Primary Bedroom Design
When the clients wanted to remove a poorly placed window in their bedroom, Molly noted that wasn’t an option due to code restrictions and worked with Annie to disguise the existence of the window. Annie specified and designed custom upholstered panels that hid the window from view and retracted if access was needed. Together, Annie and Molly worked with the cabinet maker and the project’s contractor to create bespoke nightstands that fit the desired look (inspired once again by boat interiors) and contained a notch in the back for the panels to rest. Molly helped coordinate with the electrician to integrate power into the nightstands and determined the appropriate location and weight for mounting the panels.

At this point, you can see that an interior designer and architect’s unique perspectives are best utilized as a team, but what are the benefits of my architect and interior designer working at the same firm?

A project team that includes an interior designer and architect with an established relationship working at the same company means they are able to communicate quickly and avoid time delays. Just a quick message from Molly alerted Annie about proposed architectural changes, which allowed her to quickly assess whether the changes would affect furniture layouts or sizing. Because of this, Annie was able to quickly provide alternate furniture options, or if the furniture was already ordered or otherwise non-returnable, request to rethink the architectural changes. The opportunity for casual conversation meant they could brainstorm more efficiently and get one another’s perspective in real time without having to wait for a formal meeting.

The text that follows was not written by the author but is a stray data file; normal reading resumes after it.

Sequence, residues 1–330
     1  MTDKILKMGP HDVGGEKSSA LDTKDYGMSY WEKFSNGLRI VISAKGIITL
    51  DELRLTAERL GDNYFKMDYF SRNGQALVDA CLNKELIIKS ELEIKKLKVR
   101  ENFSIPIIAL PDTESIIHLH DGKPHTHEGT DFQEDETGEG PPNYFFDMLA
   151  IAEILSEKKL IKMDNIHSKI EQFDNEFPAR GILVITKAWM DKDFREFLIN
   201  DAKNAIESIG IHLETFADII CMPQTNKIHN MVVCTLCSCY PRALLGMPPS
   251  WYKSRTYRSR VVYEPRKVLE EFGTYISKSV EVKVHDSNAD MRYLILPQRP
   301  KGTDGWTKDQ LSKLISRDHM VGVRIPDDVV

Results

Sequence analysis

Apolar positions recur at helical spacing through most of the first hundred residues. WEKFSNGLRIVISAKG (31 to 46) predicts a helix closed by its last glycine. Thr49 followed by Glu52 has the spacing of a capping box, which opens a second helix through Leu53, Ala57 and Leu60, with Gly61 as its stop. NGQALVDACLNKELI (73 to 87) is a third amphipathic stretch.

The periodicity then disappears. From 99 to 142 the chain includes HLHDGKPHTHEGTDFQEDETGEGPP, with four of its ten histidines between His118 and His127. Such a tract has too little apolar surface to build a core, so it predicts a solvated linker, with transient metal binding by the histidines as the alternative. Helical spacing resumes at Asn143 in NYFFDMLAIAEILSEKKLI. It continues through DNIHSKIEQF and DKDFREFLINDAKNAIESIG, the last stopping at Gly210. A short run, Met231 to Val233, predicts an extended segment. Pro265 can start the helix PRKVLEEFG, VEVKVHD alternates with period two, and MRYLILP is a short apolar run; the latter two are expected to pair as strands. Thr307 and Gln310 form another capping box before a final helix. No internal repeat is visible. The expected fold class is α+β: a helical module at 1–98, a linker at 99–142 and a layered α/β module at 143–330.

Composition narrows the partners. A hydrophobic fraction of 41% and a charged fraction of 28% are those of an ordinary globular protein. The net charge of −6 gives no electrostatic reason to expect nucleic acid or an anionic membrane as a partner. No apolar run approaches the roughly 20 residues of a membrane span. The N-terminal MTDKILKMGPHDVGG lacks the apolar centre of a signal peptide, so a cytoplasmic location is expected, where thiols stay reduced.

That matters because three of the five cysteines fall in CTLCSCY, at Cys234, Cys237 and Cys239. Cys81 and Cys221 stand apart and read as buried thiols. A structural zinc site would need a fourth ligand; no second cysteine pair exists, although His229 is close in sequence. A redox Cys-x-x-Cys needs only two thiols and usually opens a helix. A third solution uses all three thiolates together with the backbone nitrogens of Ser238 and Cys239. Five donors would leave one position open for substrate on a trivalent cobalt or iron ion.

Another benefit of integration is that the architect and interior designer are not competitive. Annie and Molly knew when to highlight their specific disciplines and when to show restraint, showcasing the other. They were able to prioritize the desires of the client without bias and with a full understanding of why choices were made throughout the process. This in turn created a balanced, well-rounded project – see for yourself!

Final thoughts

There is, of course, a lot more to talk about on this subject – and working collaboratively is certainly a topic we are passionate about! If you have any additional questions about what it’s like to work with both an architect and interior designer, feel free to shoot us an email and we’d be happy to share our thoughts.

This piece was written by our in-house interior designer, Stephanie Davis, who grew up in Austin and has a natural talent for combining color and pattern, fostered by her grandmother’s skill in Southern traditional-style decorating. While pursuing her BFA in Interior Architecture and Design at The George Washington University, Stephanie discovered that her interest lay beyond decorating in the sweet spot between architecture and interiors. She was inspired by the attention to sustainability and history she experienced during study trips to Copenhagen, Denmark and London, England, and filtered these experiences into her holistic and intersectional approach to design. To learn more about Stephanie check out her bio!